One of the unique functions of the meter is for tuning the transmitter for maximum power output and matching to the antenna. An Operate/Tune switch on the back of the rig switches the output of the power amplifier between a direct connection to the antenna connector and a connection through a classic resistive bridge circuit. The input side of the bridge is made of four 50 ohm half watt resistors in series-parallel, so with no antenna connected it provides a dummy load for the transmitter. The Tune position of the meter switch connects it to the diode detector for the bridge, and with no antenna connected the indication is proportional to the power output into this dummy load. So with no antenna, the Operate/Tune switch in the Tune position and the meter in its Tune position the output circuit of the transmitter can be adjusted for maximum power into the 50 ohm load. With the antenna connected the circuit functions as an SWR bridge; when the antenna and possibly an external antenna tuner present a 50 ohm load the bridge is balanced and the meter will show a null reading. Thus the final tuning can be adjusted off-the-air, and then the antenna can be connected and tuned for a match. The upper arm of the output side of the bridge is 50 ohms and capable of dissipating 1 watt, so when tuning with the bridge in the circuit the power actually reaching the antenna is reduced. And for any antenna impedance that can possibly exist the final transistors cannot see anything worse than a 2:1 mismatch during tuneup. When the antenna has been matched the Operate/Tune switch can be moved to the Operate position for full output to the antenna. This circuitry was also described in QST Hints and Kinks.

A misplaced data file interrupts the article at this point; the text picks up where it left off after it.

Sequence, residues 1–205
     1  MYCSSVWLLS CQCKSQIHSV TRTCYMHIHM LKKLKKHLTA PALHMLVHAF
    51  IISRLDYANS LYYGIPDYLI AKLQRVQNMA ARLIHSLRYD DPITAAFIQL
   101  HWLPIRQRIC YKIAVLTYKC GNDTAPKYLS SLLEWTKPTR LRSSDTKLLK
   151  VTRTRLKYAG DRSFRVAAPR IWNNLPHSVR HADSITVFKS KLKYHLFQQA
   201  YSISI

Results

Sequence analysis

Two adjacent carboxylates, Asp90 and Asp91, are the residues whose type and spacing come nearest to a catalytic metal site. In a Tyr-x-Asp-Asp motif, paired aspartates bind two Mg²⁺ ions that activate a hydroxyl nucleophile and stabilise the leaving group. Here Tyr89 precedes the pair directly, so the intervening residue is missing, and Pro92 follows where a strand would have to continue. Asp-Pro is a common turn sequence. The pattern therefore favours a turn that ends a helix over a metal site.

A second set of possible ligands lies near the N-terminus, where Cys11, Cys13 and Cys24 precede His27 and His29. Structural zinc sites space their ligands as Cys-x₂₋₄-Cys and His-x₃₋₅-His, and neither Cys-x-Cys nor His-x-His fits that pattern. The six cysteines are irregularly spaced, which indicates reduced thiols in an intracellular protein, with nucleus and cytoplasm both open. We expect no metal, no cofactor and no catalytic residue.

The other special meter function is receiver calibration. On the back of the enclosure is a place to plug in a crystal. The crystal connects the VFO output to a diode detector whose relative output is measured when the meter switch is in the Calibrate position. I set the bandspread dial to the crystal frequency and tune the bandset capacitor for a peak on the meter. I keep two crystals in FT243 holders, left over from my Novice and early General days, with the rig. They fit snugly in a plastic 35 mm film canister. A 3.598 Mhz crystal provides a calibration point for setting the bandset capacitor so the main dial covers 3.5 to 3.615 Mhz. A 3.735 Mhz crystal calibrates the 3.61 to 3.76 Mhz range. I also used this rig as the VFO for some experiments with a homebrew phasing-type SSB generator, and the 3.735 Mhz crystal also calibrates a the rig for 3.735 to about 3.92 Mhz.